You can see the latter consequence in virtually every result on benchmarks featuring some kind of interaction processing. For example, the Sun/Oracle people behind their recent recent foray into TPC/C, both demonstrated their own utter incompetence as IT professionals by achieving less than 50% CPU utilization and the user value of this "failure" by turning in response times averaging roughly one seventeenth of IBM's:

  IBM p595 Avg Response time in seconds at 6,085,166 tpmC Sun T5440 Avg Response time in seconds at 7,717,510.6 tpmC
New-Order 1.22 0.075
Payment 1.20 0.063
Order-Status 1.21 0.057
Delivery (Interactive) 0.78 0.041
Delivery (Deferred) 0.26 0.021
Stock-Level 1.20 0.090
Menu 0.78 0.044
Values from the detailed reports at

The counter argument I usually hear about all this is that virtual system images are more easily managed than real ones - and this is both perfectly true and utterly specious.

It's perfectly true that VM style virtualization lets you bundle an application with everything it needs to run except hardware, and then move that bundle between machines at the click of an icon; but the simple fact that this applies just as well to Solaris containers as it does to VM ghosts shows that this is an argument for encapsulation and application isolation, not for ghosting.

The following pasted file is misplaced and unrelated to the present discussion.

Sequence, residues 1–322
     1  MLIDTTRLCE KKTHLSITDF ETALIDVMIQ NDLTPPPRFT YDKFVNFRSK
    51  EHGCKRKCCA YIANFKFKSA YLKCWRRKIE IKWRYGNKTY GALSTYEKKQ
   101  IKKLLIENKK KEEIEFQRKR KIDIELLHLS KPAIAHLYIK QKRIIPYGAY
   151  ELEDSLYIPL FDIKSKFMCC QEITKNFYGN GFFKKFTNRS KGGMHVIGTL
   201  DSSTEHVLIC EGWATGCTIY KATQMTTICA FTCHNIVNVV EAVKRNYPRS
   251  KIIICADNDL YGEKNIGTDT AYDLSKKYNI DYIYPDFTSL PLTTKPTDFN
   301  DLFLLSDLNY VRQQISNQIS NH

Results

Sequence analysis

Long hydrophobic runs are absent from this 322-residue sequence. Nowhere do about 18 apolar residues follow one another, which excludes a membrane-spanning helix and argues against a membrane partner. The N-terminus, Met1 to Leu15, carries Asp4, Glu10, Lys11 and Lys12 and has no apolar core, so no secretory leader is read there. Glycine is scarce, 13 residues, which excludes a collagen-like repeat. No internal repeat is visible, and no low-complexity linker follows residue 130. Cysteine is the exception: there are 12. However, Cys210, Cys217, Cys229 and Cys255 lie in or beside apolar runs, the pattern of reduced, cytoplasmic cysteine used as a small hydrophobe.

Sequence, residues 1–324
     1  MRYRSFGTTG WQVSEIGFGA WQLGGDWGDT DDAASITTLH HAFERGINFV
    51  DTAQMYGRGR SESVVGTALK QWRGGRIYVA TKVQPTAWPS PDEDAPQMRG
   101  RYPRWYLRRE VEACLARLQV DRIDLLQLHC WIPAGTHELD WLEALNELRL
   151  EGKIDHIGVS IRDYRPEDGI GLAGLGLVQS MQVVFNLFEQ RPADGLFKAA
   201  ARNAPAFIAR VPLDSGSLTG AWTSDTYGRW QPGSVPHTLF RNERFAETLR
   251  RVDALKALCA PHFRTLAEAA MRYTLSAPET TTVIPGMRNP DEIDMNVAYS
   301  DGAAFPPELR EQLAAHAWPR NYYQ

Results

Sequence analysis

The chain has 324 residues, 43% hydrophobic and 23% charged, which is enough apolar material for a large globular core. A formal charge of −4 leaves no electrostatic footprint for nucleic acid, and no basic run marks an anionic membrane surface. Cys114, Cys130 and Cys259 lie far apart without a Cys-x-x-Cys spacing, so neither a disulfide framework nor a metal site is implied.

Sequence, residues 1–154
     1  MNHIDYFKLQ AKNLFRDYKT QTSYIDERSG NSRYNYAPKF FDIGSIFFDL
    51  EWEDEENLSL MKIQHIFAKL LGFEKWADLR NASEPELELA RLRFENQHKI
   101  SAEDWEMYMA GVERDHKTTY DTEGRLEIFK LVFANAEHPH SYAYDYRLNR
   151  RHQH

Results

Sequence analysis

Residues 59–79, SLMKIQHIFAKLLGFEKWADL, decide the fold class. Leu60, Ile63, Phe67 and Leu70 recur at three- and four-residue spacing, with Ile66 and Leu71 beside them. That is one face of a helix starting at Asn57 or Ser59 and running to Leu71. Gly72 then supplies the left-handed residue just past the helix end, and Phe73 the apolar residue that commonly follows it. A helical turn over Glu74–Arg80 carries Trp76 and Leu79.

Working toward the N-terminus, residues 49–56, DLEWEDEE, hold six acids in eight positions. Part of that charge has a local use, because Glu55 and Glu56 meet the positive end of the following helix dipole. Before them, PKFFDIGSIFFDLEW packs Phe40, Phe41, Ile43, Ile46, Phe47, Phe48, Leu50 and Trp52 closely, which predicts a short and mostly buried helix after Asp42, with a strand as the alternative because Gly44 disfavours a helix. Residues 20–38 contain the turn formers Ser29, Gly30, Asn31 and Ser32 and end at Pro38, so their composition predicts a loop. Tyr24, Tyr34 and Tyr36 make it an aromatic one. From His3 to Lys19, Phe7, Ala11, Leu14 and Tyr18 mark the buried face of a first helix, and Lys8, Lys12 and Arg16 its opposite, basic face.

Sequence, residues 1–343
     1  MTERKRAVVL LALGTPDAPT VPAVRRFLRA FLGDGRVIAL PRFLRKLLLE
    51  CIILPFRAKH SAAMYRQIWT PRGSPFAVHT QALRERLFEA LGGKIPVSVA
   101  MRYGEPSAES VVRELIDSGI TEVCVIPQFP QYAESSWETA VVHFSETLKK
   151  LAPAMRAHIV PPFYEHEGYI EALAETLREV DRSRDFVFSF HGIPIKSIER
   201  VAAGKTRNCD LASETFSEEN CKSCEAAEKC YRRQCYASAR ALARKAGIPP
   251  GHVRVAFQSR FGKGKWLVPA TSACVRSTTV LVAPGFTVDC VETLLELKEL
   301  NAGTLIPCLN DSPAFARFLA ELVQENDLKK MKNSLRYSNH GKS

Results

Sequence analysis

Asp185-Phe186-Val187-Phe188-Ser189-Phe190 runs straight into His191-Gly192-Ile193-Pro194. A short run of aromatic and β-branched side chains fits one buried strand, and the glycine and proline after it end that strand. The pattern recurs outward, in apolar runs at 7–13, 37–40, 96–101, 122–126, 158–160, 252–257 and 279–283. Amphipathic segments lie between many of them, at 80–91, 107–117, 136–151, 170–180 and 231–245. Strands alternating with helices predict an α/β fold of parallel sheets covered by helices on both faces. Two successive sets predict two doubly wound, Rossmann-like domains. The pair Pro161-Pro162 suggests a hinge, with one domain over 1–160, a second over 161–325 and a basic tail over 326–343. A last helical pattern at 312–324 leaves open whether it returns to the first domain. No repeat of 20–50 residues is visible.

Worse, the argument is completely specious because it bases its value claims on two demonstrably false beliefs: first that the only alternative is the traditional isolated machine structure, and second that virtualization lets the business achieve more for less. Both are utter nonsense: Unix process management has worked better than VM since the 1970s, and because virtualization adds both overheads and licensing it always costs more to do less than modern alternatives like containerization or simply letting the Unix process management technology do its job.